Shoreham Harbour Heat Network

The Shoreham Harbour Heat Network is a part of the Smart Hubs project, part funded by UK Research and Innovation, which will deploy a multi-scalar, multi-vector open-architecture smart local energy systems across heat, power & transport with interoperable Internet of Things layers as a blueprint for future local energy Smart Grids.

Although a marine source heat pump will be the backbone of a new district heat network, it is recognised that to achieve the UK's carbon targets "heat is only half of the problem".

Energy Trilemma

The Electrification of Heat

The electrification of heat opens up opportunities not only to balance the national grid, but also to use demand side response techniques at the local level to balance local energy supply and demand.

The heart of the network is the efficient use of renewable energy based on the recycling of solar heat in the sea (transferred from the Caribbean by the Gulf Stream) to heat buildings on the network in winter.

Heat pumps are used to transfer heat to buildings in winter instead of generating heat afresh when needed by burning fossil fuels. ICAX has developed heat pumps which can deliver high temperatures so that they can be used at the heart of a Fourth Generation Heat Network to deliver heat to buildings on the network. ICAX is also researching the feasibility of using a Fifth Generation Heat Network in Shoreham.

Balancing the supply and demand for heat through the seasons is mirrored by balancing the supply and demand for electric power by shifting some of the demand from times of peak consumption (by day) to times of excess supply (by night).

Electrification of Transport

Vehicles can be free from emitting CO2 and NO2 if propulsion is based on an electic drive train. Battery electric vehicles need time to charge and electric charge points which will be installed in Shoreham. Fuel cell electric vehicles can be charged quickly at hydrogen charging points, which will also be installed at Shoreham.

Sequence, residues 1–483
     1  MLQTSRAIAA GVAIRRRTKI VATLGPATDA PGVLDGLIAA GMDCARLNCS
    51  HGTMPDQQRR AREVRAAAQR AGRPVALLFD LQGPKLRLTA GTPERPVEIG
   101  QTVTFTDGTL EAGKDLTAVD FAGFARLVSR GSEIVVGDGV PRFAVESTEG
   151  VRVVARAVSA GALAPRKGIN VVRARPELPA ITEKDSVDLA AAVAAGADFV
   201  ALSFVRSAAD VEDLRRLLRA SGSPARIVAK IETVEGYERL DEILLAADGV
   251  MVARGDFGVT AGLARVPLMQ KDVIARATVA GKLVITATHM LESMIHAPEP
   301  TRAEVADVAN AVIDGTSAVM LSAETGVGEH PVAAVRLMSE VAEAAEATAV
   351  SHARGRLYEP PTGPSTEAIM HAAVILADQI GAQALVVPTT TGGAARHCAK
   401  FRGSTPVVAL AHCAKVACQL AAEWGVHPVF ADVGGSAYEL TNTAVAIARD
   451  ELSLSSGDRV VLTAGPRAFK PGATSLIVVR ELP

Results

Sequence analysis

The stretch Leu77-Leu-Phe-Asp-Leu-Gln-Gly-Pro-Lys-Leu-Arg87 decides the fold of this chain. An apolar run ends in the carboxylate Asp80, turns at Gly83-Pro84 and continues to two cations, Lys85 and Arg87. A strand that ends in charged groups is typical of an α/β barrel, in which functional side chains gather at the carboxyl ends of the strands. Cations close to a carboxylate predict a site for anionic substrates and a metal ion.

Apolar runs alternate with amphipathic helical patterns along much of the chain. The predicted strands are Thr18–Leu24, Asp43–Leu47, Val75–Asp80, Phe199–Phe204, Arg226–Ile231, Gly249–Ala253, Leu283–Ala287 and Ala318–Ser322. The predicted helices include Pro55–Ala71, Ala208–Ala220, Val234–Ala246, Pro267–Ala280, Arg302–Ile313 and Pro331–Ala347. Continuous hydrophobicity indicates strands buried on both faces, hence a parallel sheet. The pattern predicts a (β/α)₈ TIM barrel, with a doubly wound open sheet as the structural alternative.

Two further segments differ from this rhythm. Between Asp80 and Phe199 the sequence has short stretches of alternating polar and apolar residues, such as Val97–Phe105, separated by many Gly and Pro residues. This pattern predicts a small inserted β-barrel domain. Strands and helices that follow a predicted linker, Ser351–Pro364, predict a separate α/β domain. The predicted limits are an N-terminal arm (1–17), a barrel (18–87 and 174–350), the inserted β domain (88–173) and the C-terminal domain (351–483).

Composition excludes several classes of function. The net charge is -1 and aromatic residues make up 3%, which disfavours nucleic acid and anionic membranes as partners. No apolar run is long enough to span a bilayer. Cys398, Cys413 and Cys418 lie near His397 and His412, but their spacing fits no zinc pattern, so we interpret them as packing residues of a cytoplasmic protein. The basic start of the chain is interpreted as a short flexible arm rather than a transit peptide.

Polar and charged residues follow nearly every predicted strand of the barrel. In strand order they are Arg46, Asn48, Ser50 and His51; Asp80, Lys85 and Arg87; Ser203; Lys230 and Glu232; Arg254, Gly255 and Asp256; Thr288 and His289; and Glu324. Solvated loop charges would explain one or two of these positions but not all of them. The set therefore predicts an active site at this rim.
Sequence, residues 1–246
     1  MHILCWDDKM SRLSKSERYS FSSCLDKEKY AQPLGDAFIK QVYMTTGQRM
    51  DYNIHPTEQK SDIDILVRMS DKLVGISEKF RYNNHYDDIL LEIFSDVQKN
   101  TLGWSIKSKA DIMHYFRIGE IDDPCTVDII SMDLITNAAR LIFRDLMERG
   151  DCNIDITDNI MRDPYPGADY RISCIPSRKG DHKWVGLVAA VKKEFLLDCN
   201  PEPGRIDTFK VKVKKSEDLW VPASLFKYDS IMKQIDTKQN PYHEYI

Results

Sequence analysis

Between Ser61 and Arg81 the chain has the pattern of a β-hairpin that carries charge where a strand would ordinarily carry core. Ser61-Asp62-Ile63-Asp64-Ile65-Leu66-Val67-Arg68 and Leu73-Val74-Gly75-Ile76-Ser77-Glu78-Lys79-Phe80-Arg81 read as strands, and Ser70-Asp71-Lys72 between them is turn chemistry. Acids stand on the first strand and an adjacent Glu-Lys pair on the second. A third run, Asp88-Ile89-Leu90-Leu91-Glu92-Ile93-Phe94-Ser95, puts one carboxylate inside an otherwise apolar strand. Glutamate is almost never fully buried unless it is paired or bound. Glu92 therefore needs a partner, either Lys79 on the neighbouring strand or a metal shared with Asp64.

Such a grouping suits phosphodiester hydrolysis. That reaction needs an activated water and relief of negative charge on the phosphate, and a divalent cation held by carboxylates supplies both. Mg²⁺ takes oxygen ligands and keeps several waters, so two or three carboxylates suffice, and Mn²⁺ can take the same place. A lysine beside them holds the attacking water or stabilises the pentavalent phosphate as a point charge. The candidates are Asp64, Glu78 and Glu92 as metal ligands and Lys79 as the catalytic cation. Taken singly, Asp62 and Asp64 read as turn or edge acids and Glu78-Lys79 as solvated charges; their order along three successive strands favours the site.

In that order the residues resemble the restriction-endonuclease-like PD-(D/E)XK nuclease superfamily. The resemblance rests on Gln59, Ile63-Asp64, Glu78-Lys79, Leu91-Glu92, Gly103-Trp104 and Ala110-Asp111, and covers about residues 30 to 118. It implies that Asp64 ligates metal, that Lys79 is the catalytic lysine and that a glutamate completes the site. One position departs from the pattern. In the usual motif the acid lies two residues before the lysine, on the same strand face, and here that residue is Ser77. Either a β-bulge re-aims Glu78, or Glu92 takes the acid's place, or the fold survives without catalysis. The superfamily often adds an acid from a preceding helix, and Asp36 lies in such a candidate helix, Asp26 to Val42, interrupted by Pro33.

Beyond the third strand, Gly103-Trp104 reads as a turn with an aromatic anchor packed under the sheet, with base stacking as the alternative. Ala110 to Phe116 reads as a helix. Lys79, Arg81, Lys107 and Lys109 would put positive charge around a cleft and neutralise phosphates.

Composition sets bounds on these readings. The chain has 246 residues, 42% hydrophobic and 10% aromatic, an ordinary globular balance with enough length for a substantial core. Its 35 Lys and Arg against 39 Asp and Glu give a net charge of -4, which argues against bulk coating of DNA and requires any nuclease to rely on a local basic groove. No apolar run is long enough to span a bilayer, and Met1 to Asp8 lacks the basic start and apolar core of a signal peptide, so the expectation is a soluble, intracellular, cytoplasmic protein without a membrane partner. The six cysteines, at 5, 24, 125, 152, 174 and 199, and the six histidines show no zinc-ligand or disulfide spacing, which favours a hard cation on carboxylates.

Virtual Power Plant

A Virtual Power Plant (VPP) will be installed to link generators and users of electricity, with smart controls and storage capacity to bridge the gaps between peak supply and peak demand.

Hundreds of homes, schools and council buildings will have solar panels, batteries and electic vehicles installed and linked together to demonstrate the advantages of smart technology which is designed to cut energy costs by 10%.

The Smart Hubs Project brings together cross-sector supply chains to deliver integrated energy solutions at different scales to meet the energy systems challenges of achieving a low-carbon economy: secure, affordable, sustainable energy.

Smart Hubs Consortium

The Smart Hubs Consortium consists of:

  • Advanced Infrastructure which is the lead partner in the Smart Hubs SLES project.
  • West Sussex County Council which, in co-ordination with Adur and Worthing Councils, will establish a multi-vector local smart grid in Shoreham-by-Sea and develop a new procurement approach for smart grids that can be replicated elsewhere and be financeable.
  • Switch2 which will install the heat network piping at Shoreham, the central energy centre and the combined heat and power system.
  • ICAX will provide 2MW of heat from the marine source heat pumps at the heart of the heat network and will design the abstraction and rejection systems for heat exchange with the Adur River in the tidal estuary.